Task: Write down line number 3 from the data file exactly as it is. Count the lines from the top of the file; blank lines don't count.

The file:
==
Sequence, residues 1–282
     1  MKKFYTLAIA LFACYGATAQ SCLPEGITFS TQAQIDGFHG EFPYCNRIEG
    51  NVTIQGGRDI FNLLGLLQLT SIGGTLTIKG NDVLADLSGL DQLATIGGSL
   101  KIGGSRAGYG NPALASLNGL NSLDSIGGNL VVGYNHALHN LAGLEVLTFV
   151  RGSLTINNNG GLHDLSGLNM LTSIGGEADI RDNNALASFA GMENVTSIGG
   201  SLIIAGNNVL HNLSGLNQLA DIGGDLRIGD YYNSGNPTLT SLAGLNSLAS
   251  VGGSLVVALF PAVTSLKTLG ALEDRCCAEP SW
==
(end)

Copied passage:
    51  NVTIQGGRDI FNLLGLLQLT SIGGTLTIKG NDVLADLSGL DQLATIGGSL